South Korean soldiers stand guard at the border village of Panmunjom between South and North Korea at the Demilitarized Zone (DMZ) on February 27, 2013 in South Korea. Chung Sung-Jun/GETTY

A North Korean soldier was shot by fellow guards as he defected to South Korea Monday, according to South Korean officials. He was the seventh soldier to defect since 2012 and the third defector this year.

The soldier was shot as he made his way across the heavily guarded border between the two countries called the demilitarized zone (DMZ). The border is approximately two and a half miles wide and is littered with minefields and fenced off with high guard posts and sentries.

The North Korean was posted near the Joint Security Area, a part of the DMZ where both sides can meet to talk, according to CNN. The soldier was found about around 150 feet south of the border with wounds to his elbow and shoulder and was evacuated to a hospital, according to the New York Times.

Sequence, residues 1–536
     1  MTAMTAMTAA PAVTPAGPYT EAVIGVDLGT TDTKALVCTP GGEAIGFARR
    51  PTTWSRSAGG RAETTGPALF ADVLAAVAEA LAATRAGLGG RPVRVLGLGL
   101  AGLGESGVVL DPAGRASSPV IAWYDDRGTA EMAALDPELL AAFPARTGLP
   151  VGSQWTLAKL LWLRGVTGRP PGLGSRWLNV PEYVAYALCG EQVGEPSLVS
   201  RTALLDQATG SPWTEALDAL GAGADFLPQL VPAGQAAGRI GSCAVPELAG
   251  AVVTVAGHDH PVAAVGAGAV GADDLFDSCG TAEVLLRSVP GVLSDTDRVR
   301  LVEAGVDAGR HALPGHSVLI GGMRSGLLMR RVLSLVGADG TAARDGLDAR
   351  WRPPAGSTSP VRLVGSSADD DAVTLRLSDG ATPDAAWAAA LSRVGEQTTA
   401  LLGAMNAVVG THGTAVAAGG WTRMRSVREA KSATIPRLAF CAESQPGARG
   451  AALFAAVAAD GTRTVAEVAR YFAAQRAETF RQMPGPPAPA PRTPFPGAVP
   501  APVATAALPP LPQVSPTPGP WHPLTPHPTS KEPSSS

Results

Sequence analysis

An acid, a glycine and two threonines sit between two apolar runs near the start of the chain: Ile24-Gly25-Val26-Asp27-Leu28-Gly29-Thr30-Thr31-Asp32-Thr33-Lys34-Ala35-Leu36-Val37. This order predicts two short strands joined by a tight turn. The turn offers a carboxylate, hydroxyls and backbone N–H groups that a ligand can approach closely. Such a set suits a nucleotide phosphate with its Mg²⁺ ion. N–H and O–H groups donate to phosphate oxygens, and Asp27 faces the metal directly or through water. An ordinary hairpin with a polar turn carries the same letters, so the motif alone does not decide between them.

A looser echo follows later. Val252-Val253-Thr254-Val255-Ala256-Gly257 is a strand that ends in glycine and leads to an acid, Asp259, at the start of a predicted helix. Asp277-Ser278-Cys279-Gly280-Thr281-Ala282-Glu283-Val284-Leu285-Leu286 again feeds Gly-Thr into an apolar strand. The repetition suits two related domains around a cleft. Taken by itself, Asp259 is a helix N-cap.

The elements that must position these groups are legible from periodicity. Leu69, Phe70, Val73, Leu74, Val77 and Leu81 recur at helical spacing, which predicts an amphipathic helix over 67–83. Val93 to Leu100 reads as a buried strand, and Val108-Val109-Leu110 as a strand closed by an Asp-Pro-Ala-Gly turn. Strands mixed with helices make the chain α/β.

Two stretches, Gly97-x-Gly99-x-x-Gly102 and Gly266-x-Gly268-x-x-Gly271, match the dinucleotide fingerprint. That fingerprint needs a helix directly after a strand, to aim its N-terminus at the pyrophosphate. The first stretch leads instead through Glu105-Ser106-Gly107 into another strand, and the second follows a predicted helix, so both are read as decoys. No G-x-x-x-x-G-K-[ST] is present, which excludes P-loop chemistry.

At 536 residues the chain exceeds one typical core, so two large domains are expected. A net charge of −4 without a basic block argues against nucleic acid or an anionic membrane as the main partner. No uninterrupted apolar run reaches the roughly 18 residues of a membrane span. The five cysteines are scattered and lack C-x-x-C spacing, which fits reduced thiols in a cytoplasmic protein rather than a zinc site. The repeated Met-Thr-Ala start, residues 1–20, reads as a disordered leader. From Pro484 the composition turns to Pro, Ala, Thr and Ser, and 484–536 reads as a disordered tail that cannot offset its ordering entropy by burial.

Before this year there were two soldier defections in 2012, one in 2015 and one in 2016.

The defector is currently in South Korean military custody.

“Our military has raised the alert level in anticipation of North Korean provocation. The military is maintaining a full readiness,” said South Korea’s Joint Chiefs of Staff in a statement.

The defection came amid a giant joint naval exercise between the U.S., South Korea and Japan. The U.S. sent three aircraft carriers to Southeast Asia, marking the first time three carriers have sailed together in over a decade. The show of force followed President Donald Trump and North Korea trading barbs while the president was on a 12-day tour of Asia. North Korean state media called Trump a “dotard” which is an insulting term for an elderly person, typically a senile one. Trump called North Korea’s leader Kim Jong Un “short and fat.”

Coincidentally, a U.S. man was arrested in South Korea for trying to cross the DMZ into North Korea around the same time as the soldier defected. The man, a 58-year-old from Louisiana, was reported by locals and arrested by South Korean intelligence services. His motive for attempting to cross one of the world’s most dangerous borders is unclear.